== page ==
21 February 2013

Ousmane Sembène

African Revolutionary Writers, Part 6

Ousmane Sembène

The 1950s, 1960s and 1970s, when the majority of African former colonies regained their national sovereignty, were also the boom years for the paperback book-publishing business worldwide. Companies such as Penguin Books and Heinemann popularised many African authors in English or in English translation during this time.

Ousmane Sembène’s 1960 “God’s Bits of Wood”, written in French and first published only 15 years after the end of the anti-fascist world war, has an outstanding place in the history of the African revolutionary novel. The download linked below contains characteristic extracts from the novel.

As you will see later in this course, Ngugi wa Thiong’o mentioned “God’s Bits of Wood” in the final chapter of his great novel “Petals of Blood”, and also in his famous essay “The Writer in a Neo-colonial State”.

The novel is about a strike among railway workers on the line between Dakar, Senegal, and Bamako, Mali, in the time of the French colonial empire, and based on a real strike that took place in 1947. It is a wonderful story, full of characterisation, events and atmosphere, and optimistic, full of hope. Large parts of “God’s Bits of Wood”can be read on Google Books.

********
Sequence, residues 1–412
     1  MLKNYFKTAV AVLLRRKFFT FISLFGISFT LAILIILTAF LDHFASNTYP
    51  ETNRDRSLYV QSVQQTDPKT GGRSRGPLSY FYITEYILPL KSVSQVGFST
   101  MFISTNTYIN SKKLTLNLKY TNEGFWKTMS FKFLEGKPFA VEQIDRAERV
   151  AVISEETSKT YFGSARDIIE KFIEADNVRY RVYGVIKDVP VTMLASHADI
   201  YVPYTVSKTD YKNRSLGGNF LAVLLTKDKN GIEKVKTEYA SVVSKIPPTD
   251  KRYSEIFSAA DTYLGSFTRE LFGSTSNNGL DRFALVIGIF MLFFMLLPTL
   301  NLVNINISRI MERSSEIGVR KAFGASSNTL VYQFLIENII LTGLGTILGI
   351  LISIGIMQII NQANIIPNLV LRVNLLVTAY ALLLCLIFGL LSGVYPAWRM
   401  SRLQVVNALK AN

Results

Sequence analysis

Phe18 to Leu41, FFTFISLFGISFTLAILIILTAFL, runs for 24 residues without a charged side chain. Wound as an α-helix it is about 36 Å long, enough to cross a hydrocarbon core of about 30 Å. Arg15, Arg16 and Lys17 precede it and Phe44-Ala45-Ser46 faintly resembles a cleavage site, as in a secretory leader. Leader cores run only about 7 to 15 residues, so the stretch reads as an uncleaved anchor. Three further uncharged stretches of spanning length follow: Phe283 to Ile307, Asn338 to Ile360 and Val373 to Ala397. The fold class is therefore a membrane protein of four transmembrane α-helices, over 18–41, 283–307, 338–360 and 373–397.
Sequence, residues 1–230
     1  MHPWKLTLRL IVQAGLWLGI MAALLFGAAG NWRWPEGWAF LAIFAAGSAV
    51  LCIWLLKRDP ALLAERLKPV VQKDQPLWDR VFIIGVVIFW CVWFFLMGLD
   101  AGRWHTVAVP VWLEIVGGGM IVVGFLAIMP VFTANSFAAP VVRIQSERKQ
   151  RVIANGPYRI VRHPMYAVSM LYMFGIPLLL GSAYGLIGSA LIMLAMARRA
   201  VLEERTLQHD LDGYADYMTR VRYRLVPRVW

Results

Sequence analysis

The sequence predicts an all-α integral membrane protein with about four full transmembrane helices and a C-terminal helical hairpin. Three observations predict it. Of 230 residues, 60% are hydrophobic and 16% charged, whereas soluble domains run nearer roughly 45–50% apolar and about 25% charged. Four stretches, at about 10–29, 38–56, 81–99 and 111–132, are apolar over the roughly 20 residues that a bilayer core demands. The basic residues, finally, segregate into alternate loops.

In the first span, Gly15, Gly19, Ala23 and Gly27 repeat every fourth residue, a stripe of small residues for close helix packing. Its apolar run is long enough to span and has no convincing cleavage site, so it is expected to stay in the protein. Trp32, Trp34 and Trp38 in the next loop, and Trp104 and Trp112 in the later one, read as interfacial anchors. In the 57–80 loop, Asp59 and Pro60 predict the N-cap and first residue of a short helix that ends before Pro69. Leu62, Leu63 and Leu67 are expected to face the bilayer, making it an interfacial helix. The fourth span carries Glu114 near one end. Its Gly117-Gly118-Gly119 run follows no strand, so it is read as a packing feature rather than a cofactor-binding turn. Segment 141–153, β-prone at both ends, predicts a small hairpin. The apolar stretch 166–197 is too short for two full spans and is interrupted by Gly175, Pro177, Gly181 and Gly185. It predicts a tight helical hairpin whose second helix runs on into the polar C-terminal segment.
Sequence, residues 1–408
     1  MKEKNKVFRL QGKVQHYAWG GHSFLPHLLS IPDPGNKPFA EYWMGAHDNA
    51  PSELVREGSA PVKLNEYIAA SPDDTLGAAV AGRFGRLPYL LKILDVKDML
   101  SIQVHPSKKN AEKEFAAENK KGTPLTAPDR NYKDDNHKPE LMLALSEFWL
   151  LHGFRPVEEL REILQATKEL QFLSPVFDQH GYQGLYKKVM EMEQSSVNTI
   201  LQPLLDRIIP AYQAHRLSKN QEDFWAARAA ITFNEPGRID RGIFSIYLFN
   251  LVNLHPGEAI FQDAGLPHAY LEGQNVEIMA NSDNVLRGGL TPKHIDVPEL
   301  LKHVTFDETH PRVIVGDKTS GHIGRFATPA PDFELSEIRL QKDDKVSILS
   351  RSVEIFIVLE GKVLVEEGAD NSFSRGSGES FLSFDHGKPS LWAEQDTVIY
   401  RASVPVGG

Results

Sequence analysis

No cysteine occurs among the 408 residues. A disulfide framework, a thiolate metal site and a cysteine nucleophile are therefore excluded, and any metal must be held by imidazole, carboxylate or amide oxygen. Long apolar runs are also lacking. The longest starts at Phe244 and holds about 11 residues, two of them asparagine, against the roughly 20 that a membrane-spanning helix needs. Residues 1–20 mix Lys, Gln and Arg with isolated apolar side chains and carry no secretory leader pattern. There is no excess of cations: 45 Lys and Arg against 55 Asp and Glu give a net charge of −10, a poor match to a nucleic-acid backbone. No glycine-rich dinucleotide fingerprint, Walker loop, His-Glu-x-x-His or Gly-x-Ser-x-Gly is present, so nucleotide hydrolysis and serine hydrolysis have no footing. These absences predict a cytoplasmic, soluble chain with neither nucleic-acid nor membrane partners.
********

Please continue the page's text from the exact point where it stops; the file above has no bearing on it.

Ousmane Sembène was also an outstanding film-maker. According to his Wikipedia entry, “he realized that his written works would only be read by a small cultural elite in his native land. He therefore decided at age 40 to become a film maker, in order to reach wider African audiences.” For similar reasons, Ngugi was later to return to writing in his native language, Kikuyu.

Ousmane Sembène died in his eighties, in 2007.

Did the African writers create a “genre”? At least one could say that they were typically open and keen to portray life and personalities as they were. They represented a revolutionary, generally optimistic (but sometimes tinged with disillusion) popular imagination that was widespread in those years, at least among African intellectuals. One of the highlights of those years was “FESTAC”, The Second World African Festival of Arts and Culture, held in Nigeria in 1977, where the young Fela Kuti played, among others.

Is there continuity today? No. It is not the same today. Culture is now more “globalised”, as a result of a reactionary, neo-liberal offensive. The paperback book does not have the same high place in popular culture as it did in the past. The sense of a general African anti-Imperialist popular cultural wave has lost some of its momentum, for the time being.

But we are working on the problems! And Ousmane Sembène’s masterpiece, “God’s Bits of Wood”, remains an inspiration to us.


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